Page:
Sebastian Conran working with Nissan could take the relationship between cars and fashion to just this level. Together with the Nissan design team, he has created a truly unique object that will appeal to car fans and fashionistas. It's destined for 'most wanted' lists alongside the latest Jimmy Choos. Fashion wheels are go.

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INTERVIEW WITH SEBASTIAN CONRAN

NISSAN C+C+CONRAN

What did you set out to achieve, primarily, with this design?

Our aim is to design a non-male, non gender-based car that's a joy to drive. We are not trying to redesign the car (as it doesn't need it), but attempting to bring out its best features and make the driver and passengers feel special. We wanted to design an interior that reflects the zeitgeist; a design that captures the mood of the moment.


How do you think the car will benefit from your design?

As far as the car's interior goes, we want to give it a subtle sophisticated character, more Audrey Hepburn-esque than Hello Kitty-cute. We would like to turn attitudes to car interiors on their head; to come from a slightly different perspective from the conventional testosterone-driven designs. A car to feel comfortable and stylish to be in; zippy rather than racy; a car you can build a warm, emotional relationship with.

What have you brought to the car?

We have tried to reflect the mood of the time. That's what we do and that's what we share, and wanted to bring it to something that is usually unchallenged by design, in a visual sense. Perhaps people want to be anonymous on the street, but once you step inside a car, it's great if it has something a little different that sets it apart from everything else. The car can almost be like a second home; but how much time does one spend decorating the interior as opposed to the exterior of a house? Plenty. So it seems fair to want to create a pleasant environment inside a car, especially in traffic congestion.

What was your inspiration for the project?

Most of what we do is inspired by nature. It's a recurrent motif. We look at nature and harmony and all the different shades and textures that come with it; walking in a wood not looking directly at things but at the reflections and shadows of things. The design has a tactile element to it; we like playing with what things feel like. We are also wanting something 'of the moment' reflecting the current boho chic trend that's evident in fashion and furniture right now. It's bold yet feminine, with a touch of vintage. We wanted the car to reflect this edgy, yet laid-back urban attitude.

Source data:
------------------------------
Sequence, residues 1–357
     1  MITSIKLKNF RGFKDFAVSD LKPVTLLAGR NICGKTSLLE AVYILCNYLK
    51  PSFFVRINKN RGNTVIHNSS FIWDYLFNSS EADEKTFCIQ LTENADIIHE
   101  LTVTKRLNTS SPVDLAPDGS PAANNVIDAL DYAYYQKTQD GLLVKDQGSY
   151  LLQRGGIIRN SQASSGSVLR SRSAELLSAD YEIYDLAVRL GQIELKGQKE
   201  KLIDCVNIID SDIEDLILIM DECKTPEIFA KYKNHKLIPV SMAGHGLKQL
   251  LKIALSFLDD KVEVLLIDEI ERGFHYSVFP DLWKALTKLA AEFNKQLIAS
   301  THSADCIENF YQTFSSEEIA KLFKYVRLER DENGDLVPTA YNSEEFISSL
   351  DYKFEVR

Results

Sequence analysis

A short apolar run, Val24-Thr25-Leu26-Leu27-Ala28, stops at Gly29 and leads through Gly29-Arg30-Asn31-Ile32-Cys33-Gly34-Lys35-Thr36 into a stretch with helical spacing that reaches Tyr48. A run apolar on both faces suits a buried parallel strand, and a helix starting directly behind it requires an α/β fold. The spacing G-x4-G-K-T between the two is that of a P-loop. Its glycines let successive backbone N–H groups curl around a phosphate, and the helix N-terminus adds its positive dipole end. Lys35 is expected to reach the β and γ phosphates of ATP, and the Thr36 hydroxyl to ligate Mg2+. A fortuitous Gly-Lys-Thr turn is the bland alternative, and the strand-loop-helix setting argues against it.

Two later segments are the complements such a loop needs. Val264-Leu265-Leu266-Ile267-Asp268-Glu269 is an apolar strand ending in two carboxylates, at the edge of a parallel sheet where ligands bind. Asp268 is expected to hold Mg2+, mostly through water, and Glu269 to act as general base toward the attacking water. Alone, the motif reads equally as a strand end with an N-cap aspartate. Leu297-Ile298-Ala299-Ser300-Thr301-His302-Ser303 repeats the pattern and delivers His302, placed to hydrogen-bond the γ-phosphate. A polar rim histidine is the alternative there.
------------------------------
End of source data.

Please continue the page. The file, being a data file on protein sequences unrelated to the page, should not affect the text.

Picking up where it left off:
What were the constraints, if any, on the project?

Car designs have to incorporate a huge element of safety. It's more important than simply wanting a good-looking car that will perform. The big difference here is that we don't have to crash test furniture or toasters. Designing the interior of a car has many more restraints than objects for the home. But it's a priority that you work with, exploring the opportunities, rather than against.

What did you want to achieve with your design?

We wanted to create something contemporary, but that was safe and environmentally ethical at the same time. And of course, from a cost point of view, the design has to be practical to produce in volume. The secret is to design things that are straightforward to make; to use materials to their best effect. Our aim is always to design quality in and failure out and we always ask ourselves 'how could this be simpler and better?' If we don't use design to create real value then there will be no trade.

How do you combine fashion with practicality?

How do you turn a grungy bit of plastic into a luxury object? Look at the i-Pod; it's a phenomenon for that reason, combining style with functionality, and at an attainable premium price. It's about refining an idea into something that can be easily produced. That's what we're here to do.

How have you designed the interior of the car?

We've gone with colourful, leafy patterns on the leather seats upholstered in a red shadowy leaf print. The glove box and underseat storage are lined in the same secret
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red; from the outside you don't see it, but it's there. The inspiration for this came from a pair of Charles Jourdan shoes my mother used to have, which were fairly simple on the outside but had a bright red leather lining.

It's like a tailored suit which looks conventional from the outside but probably has shocking pink lining on the inside. I like this element of surprise. The two front seats have hoop-shaped headrests so that the driver can see through them when parking – it's also better for passengers in the back too, to be able to see through.

And we have incorporated a locking i-Pod drawer which means one doesn't have to unplug it and carry it every time you get out of the car – especially important for a cabriolet.

How does the interior of the car contrast with its exterior?

Rather like some young Japanese friends of mine, who can be so expressive in what they wear out of office hours, we have designed something that isn't at first what it seems. On the outside people can be demure but on the inside, expressive and fun. During the week they wear a regular work suit, but at the weekend they're in something absolutely wild. Likewise, the car has a surprising interior behind its discreet exterior.

Describe the colour scheme?

Where chrome would normally have been used, we went for titanium black. The exterior body colour, Blushing Black, was inspired by Japanese traditional lacquer-ware; it's a rich, deep black accented with red reflections which reveals a secret, a pattern reflected in the refractive paint, that you can't see when you look straight at it. This we mixed with bold red.

What did you like most about working with Nissan?

The team at Nissan is enthusiastic and they listen well. We enjoy working together, sharing ideas and collaborating in the truest sense of the word. We don't feel we are working for them, but with them; in my opinion, that's the true nature of collaboration. We practice the Japanese 'ethos of Wa' which means Japanese-ness or the 'circle of harmony'. This means that we feed each other, rather than feed off each other; there's a huge, and crucial, difference between the two.

All photos courtesy of Nissan